The arts and humanities have a unique power to resonate with the human soul across time, place and socioeconomic status. When this power is harnessed by the community through sustainable, evidence-based and cross-disciplinary initiatives, the potential for positive human impact is limitless.

Based on this idea, the Pabst Steinmetz Foundation Arts and Innovation Award gives $25,000 grants to two proposals each year that combine programs in the College of Arts and Humanities with another UCF college as well as an external organization. The awards were founded in 2018 to build sustainable models for arts and wellness innovation at UCF and in the Central Florida community.

Winners of Pabst Steinmetz Foundation Arts and Wellness Innovation Awards exemplify the award’s ability to bring departments across campus together to create positive change in the community. Proposals from 2021 responded to that year’s theme of strength, resolve and resilience.

Last year’s two winning projects focus on using the arts and humanities to strengthen mental health resiliency in critical populations.

Strengthening Social-Emotional Resiliency for High Schoolers

Mind Matters: Building Social-Emotional Resiliency for High School Students Through Theater is a collaboration with UCF’s School of Performing Arts and Department of Psychology. The project builds on Act Out Justice, a youth theatre for social change program created through a partnership between Orlando Repertory Theatre and Orange County Public Schools (OCPS). Act Out Justice develops plays that address social justice issues inspired by students’ personal experiences. Mind Matters expands this programming to create plays and educational materials that focus on issues surrounding mental health in high school students.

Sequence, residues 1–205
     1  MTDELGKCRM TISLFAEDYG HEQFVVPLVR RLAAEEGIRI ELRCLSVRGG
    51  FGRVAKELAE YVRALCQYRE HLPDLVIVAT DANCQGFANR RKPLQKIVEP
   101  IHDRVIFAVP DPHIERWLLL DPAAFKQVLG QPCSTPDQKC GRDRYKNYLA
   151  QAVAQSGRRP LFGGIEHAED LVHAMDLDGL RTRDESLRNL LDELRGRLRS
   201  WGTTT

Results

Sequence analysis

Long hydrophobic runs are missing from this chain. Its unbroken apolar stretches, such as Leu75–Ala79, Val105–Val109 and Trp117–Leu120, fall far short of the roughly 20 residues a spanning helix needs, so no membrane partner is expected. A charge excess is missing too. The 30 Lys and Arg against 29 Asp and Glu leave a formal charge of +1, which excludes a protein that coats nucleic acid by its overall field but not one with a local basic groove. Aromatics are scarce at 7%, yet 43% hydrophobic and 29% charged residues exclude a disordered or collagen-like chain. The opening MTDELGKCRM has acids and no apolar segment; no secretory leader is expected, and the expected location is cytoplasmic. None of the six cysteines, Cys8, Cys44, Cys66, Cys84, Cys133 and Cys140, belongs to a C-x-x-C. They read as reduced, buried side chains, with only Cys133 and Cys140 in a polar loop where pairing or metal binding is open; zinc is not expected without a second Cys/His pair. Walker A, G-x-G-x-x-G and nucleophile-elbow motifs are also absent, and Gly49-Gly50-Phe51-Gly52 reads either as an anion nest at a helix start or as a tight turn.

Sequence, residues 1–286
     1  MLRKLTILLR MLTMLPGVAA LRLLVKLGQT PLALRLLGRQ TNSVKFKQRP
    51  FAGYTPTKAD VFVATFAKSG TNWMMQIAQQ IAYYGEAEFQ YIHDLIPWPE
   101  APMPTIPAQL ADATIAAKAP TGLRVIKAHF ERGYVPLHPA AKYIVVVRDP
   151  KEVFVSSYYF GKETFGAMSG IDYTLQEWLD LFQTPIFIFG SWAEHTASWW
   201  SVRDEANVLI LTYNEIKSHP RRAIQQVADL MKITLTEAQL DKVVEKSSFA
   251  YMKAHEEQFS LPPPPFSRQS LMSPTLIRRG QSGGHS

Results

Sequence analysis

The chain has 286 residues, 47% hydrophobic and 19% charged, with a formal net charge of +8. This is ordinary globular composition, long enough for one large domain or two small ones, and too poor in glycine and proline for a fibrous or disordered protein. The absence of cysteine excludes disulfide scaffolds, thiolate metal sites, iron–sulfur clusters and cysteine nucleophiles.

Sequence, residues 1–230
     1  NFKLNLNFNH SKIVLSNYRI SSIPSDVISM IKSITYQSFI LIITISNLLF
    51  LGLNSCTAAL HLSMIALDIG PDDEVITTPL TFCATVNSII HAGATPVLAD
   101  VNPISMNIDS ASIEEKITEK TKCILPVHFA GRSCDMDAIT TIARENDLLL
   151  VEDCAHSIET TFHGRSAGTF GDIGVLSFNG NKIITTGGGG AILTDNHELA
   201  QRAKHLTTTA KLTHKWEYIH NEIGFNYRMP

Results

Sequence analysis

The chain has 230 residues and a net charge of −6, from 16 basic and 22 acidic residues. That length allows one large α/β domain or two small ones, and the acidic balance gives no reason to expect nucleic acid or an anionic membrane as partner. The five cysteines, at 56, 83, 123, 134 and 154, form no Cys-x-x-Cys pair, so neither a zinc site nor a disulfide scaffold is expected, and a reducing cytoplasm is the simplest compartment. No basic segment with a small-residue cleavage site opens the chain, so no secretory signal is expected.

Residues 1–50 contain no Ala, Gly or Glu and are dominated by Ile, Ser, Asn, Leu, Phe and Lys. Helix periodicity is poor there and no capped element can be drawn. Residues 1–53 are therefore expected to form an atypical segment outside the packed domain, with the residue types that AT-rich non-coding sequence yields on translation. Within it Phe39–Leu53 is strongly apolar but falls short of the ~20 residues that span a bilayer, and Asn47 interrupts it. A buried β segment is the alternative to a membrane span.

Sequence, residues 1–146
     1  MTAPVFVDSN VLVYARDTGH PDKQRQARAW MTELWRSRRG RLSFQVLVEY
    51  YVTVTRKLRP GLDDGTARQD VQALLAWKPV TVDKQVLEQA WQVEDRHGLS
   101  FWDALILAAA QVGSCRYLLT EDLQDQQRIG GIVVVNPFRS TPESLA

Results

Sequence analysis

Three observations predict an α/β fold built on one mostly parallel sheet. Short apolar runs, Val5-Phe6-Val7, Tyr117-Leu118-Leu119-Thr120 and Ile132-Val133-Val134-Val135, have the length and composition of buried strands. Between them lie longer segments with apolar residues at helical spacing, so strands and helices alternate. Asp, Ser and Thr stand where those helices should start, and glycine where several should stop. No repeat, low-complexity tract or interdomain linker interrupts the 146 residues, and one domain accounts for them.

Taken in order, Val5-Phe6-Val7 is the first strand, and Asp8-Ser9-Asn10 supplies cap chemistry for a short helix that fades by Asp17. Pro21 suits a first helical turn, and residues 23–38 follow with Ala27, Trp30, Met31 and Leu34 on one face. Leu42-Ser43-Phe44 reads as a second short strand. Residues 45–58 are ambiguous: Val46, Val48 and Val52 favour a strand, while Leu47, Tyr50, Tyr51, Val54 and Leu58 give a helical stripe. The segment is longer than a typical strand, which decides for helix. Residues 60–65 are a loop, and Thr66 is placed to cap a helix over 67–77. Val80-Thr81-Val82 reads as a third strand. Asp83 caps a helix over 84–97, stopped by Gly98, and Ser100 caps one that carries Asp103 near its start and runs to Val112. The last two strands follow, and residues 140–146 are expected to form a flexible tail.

During the listening stage of the project, a professional development day was conducted with theatre teachers from local high schools to identify the most prevalent issues surrounding mental health in the classroom. Twenty-four survey responses were collected, followed by general discussions and one-on-one conversations. Twelve teachers were then selected to participate in the project.

“The big things we noticed in the data was that anxiety and depression are some of the most prevalent things that our young people are navigating, and that is disproportionately impacting our students of diverse backgrounds, including students who identify as LGBTQ and or students of color,” says Emily Freeman, director of community partnerships at Orlando Repertory Theatre.

An Act Out Justice workshop. (Photo courtesy of Orlando Repertory Theatre)

The project team commissioned 12 diverse playwrights from across the nation to develop plays that address the issues identified in the surveys. The playwrights conducted Zoom sessions with each assigned classroom to discuss and develop the plays together. The anthology of plays will be published for teachers to use in future lesson plans addressing mental health resiliency.

“Theater classrooms provide rich opportunities for students to explore these important issues, because the art form inherently promotes dialogue and builds empathy.” — Elizabeth Horn ’10MFA, associate professor